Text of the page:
The case of the PDBF also becomes an instance of a worrying trend in Philippine media: A lack of investigative journalism on the part of various media outlets. The PDBF story was broken by ABS-CBN, almost immediately other journalists and media members jumped on the existing story. The did not do any new research, they did not try and dig into the story to reframe it or offer alternative views. Instead they just ran with the pre-existing narrative and tried their damnedest to raise the stakes. Passions became inflamed and the media not only fed on it, they fed it. The qualities of investigative reportage seem to be almost non-existent; except within a few small bastions of journalism (PCIJ for example). Other than that, too often major stories across the board very rarely deviate from one another. A reader can check GMA News, ABS-CBN, Inquirer, and the Philippine Star and invariably major stories, except with subtle differences in details and style, the framing and storytelling narratives are similar. Though, there are certain exceptions, such as rags like The Daily Tribune, but too often those operate more as a propaganda mouthpieces than anything else. And should be treated as such. Too often a ‘middle ground,’ an attempt to balance extremes and views is absent. There is an almost worrisome homogeneous, monolithic thinking that at times seems to pervade media in the Philippines.

    I fear that media may reflect society. That we are a nation that is most comfortable with superficiality and base polemics; in capable, unwilling, or possibly even unable to dig deeper into stories. Maybe we do need stories spoon fed to us in their simplest and easily digestible forms. That may well be true (though I do not think so); but that also acts as a cop-out for journalists and media members who are in a position to do something about it. That is akin to giving a pass to corrupt politicians because there is corruption extant in civil society. This is a case of responsibility weighs heavily on the shoulders of those who seek it. Much like men and women who seek public officer or government service, becoming a journalist carries its own public responsibilities that must be met. Failure to meet those responsibilities should not reflect on society at large; it should reflect on the journalist and his organization.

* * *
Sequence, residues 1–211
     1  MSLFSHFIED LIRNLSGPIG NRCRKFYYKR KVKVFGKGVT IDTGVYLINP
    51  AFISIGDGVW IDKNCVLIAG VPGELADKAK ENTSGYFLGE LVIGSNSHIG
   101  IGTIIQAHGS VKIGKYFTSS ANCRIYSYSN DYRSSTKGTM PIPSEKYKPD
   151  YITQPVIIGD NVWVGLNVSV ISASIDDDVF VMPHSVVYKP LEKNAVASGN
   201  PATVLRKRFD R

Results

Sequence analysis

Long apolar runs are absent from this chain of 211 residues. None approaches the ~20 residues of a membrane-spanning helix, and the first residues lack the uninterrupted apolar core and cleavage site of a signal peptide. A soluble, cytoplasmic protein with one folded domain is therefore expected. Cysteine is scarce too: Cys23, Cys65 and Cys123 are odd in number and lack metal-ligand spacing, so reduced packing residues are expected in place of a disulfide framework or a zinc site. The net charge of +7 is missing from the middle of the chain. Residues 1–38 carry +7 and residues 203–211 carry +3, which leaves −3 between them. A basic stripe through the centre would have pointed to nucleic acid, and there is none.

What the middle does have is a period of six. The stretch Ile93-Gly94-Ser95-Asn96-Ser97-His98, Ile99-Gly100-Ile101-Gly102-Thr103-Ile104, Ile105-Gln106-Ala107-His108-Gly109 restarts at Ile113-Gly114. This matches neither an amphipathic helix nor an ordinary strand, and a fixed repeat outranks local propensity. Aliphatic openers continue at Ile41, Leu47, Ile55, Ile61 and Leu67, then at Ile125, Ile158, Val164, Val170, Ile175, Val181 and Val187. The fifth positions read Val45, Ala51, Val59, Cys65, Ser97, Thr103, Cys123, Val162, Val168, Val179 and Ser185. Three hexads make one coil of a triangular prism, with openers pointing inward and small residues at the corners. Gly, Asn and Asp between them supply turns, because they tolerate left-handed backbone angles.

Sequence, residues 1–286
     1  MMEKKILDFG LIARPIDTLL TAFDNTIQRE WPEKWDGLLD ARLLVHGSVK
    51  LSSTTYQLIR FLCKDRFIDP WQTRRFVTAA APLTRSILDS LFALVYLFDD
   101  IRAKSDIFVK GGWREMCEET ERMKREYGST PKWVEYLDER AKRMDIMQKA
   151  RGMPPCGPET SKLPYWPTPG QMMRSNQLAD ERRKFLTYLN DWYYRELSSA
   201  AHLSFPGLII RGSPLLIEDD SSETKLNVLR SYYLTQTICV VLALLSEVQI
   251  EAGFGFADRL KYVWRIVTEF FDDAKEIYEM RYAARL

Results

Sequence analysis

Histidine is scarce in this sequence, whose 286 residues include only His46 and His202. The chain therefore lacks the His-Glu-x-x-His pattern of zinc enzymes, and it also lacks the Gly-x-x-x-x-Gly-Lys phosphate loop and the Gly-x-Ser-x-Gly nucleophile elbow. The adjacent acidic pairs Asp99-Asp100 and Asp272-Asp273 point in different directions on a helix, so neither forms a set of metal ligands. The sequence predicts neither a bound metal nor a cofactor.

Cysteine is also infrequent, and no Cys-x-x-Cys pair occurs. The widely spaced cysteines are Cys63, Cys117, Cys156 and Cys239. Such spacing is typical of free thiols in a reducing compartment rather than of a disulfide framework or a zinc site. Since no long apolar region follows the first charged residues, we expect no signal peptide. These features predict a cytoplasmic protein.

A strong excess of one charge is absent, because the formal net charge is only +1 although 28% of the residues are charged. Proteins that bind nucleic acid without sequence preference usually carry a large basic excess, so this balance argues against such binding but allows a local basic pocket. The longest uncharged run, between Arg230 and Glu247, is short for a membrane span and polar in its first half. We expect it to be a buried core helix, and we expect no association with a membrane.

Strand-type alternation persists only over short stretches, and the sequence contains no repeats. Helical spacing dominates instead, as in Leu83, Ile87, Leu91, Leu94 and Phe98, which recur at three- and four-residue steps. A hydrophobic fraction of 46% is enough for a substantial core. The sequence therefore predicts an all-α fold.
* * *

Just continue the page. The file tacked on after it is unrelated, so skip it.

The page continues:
Another old journalist once told me that media has to clean itself, before it can begin exhorting society and government to do the same. There is always the understanding that when journalists play in the muddy waters of politics, they will get a little dirty along the way as well. But there is a big difference between incidental politicking and active ‘envelopmental’ journalism. Though we would be remiss in pointing out that government and some politicians, for all their protestations to the contrary, do actively try and influence the media. Most visibly in our last regime through payoffs and plum positions in certain agencies and GOCCs for certain journalists and their families. Media can also be influenced through innuendos and not so subtly veiled threats; as we know the Philippines is the most deadly nation in the world for journalists; even ignoring the Maguindanao Massacre. There is a difference between censorship through threats of bodily harm and self-censorship as in the case of taking bribes and actively manipulating stories.